Birds in The Hague

The Hague’s nature plays home to a number of bird species including waterbirds and several endangered species such as the stork and common swift. However, not all birds are welcome city dwellers.

Birdwatchers will delight in trying to spot the birds commonly found in The Hague’s parks, forests and dunes, including the blackbird, thrush, starling, tit, sparrow, greenfinch, wren, robin, woodpecker, nuthatch, canary, chaffinch, chiffchaff, woodlark and dunnock. If you walk along any of The Hague’s waterways, you may also catch of glimpse of ducks, swans and herons as well as a variety of other waterbirds.

A large colony of ringnecked parakeets, which escaped from captivity in 1968, can be found nesting in the trees in the city centre, especially near the Hofvijver.

Bird protection

The Haagse Vogelbescherming (The Hague Bird Protection Society) aims to protect birds living in the wild and their natural habitats in The Hague and surroundings. The Society manages 16 bird reserves in the green areas in and around The Hague. These areas are closed to the public, and fences and waterways seal off the areas from dogs and cats. The Society organises lectures and excursions.

Haagse Vogelbescherming
Telephone: 0174 21 38 25

Bird sanctuary

Vogelasiel De Wulp cares for wild birds threatened by traffic, cats and dogs, fishing tackle, windows, poison and cruelty. Because the sanctuary is located on the coast, it also treats dozens of victims of oil spills each year.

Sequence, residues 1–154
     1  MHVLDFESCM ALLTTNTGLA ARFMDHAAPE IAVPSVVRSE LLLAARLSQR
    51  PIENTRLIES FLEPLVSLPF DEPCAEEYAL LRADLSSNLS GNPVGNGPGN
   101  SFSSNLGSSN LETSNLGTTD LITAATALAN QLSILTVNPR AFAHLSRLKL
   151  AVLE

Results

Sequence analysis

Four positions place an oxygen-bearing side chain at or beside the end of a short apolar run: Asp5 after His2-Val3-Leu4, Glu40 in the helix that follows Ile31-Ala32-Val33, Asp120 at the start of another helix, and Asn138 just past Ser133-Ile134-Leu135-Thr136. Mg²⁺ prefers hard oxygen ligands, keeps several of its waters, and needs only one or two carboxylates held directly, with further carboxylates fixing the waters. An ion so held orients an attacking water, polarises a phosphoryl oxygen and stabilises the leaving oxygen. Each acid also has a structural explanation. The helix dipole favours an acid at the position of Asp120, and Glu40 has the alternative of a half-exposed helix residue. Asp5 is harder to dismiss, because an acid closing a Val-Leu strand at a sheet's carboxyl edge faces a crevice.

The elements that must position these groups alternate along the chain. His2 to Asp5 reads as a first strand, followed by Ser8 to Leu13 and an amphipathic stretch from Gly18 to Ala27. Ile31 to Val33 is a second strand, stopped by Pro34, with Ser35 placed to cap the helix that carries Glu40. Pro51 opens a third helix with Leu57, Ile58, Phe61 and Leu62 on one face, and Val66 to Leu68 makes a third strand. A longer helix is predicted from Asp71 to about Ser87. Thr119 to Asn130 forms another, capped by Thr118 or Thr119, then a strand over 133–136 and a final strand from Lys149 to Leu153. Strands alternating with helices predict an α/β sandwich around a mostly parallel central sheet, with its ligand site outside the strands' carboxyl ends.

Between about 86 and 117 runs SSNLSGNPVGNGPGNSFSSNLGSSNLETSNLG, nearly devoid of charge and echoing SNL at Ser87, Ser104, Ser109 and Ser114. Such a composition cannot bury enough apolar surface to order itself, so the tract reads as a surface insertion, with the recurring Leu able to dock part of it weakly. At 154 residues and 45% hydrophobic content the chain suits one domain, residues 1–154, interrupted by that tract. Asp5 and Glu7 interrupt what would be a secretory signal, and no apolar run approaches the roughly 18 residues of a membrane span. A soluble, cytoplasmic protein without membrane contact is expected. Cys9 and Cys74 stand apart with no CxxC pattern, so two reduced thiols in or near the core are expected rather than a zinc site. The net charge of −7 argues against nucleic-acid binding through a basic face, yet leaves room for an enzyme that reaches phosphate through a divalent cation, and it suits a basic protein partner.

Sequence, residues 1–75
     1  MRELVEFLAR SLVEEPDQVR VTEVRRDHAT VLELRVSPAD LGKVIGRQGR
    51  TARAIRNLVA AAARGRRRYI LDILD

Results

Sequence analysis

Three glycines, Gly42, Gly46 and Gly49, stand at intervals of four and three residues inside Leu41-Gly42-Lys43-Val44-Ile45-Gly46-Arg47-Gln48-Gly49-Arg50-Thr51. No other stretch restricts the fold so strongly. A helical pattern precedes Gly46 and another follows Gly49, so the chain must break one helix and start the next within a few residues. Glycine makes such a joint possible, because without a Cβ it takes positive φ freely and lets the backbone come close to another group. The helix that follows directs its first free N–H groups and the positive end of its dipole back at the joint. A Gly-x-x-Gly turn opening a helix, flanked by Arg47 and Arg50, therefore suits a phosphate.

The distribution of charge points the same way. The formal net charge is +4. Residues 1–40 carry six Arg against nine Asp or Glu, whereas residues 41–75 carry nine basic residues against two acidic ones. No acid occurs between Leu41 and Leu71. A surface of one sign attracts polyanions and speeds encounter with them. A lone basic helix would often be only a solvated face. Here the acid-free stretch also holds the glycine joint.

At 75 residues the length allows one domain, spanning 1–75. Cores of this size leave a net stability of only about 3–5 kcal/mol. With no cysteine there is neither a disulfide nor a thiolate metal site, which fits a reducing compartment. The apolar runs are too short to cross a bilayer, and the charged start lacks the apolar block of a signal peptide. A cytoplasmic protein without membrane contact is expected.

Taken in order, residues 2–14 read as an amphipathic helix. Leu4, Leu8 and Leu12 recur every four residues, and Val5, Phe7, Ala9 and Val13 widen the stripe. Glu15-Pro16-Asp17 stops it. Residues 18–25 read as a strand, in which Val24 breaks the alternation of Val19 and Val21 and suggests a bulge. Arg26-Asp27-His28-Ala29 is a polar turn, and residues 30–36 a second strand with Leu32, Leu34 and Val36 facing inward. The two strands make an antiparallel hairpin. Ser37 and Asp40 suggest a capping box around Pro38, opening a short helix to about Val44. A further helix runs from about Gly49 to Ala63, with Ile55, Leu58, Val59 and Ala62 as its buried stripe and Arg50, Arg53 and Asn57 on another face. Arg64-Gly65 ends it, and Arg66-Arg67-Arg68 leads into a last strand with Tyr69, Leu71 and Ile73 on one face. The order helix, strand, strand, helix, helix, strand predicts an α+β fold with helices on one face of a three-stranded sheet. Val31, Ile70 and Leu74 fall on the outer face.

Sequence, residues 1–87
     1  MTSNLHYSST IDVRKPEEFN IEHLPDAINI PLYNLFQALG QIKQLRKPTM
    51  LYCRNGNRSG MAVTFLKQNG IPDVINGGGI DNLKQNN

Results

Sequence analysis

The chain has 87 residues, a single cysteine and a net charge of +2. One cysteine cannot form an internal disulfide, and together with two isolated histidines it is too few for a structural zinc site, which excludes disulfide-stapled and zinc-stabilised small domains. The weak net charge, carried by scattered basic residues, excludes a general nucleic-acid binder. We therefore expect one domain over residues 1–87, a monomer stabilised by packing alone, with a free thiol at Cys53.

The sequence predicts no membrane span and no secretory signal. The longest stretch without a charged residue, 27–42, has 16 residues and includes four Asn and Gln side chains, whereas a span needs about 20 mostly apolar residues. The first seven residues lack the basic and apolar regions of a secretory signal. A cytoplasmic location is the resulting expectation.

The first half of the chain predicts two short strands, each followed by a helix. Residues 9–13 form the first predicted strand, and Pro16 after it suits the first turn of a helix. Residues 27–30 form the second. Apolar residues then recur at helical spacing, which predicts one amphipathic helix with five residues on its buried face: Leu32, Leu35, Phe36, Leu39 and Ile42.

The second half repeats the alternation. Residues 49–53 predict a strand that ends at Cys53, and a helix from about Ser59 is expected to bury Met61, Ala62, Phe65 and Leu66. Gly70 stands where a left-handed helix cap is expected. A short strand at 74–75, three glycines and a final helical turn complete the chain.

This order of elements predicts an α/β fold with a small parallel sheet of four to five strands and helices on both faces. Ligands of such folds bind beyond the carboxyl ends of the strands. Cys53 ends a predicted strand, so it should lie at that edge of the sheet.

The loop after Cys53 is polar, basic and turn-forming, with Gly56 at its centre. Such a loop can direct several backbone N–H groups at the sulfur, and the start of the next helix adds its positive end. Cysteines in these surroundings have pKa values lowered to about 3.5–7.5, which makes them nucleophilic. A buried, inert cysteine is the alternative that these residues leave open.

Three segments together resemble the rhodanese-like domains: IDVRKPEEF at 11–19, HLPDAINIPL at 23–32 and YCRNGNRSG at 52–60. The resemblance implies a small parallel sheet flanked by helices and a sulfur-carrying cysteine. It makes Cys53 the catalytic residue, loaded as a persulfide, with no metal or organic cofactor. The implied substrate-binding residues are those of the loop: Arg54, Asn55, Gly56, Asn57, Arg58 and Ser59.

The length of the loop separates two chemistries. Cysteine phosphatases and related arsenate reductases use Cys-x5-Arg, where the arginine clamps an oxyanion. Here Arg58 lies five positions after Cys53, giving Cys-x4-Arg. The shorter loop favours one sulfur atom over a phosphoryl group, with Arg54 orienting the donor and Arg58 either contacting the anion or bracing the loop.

Vogelasiel De Wulp
Heliotrooplaan 15 (in the Meer en Bos park)
2555 MA The Hague
Telephone: (070) 323 15 68
Website: and

Nuisance birds

Unfortunately not all birds make welcome city dwellers. Seagulls can be a big nuisance when they rip open garbage bags in search of food and their squawking can drive people batty. And pigeon droppings are not only sometimes nearly impossible to clean off, but they also carry dangerous bacteria and can pose a health risk. The Municipality of The Hague is trying to cut down on this.

City pigeons and seagulls often live in groups and their behaviour can be a nuisance:

  • noise:
    groups of pigeons and seagulls can cause a lot of noise. If this goes on day and night, it can drive people batty. Seagulls tend to squawk even more during breeding season from April to the end of August. Both the screeching of adult birds and the noises made by hungry chicks can be quite loud and keep people awake at night.
  • aggressive behaviour:
    seagulls can exhibit aggressive behaviour towards people who get too close to them during breeding season or when chicks have hatched.
  • litter:
    birds are crazy about garbage and garbage bags. If garbage containers aren’t properly sealed, birds will scavenge for leftovers in the container. Or they’ll tear garbage bags open. The result is a mess on the street which gets spread around by the wind.
  • droppings and nest materials:
    bird droppings can damage paint and other materials and cause damage to buildings, statues and cars. Large amounts of bird poop and nest materials can cause blockages in roof gutters and drainpipes, resulting in leaks and a foul odour.

Also see

Published: 7 February 2011Modified: 8 April 2021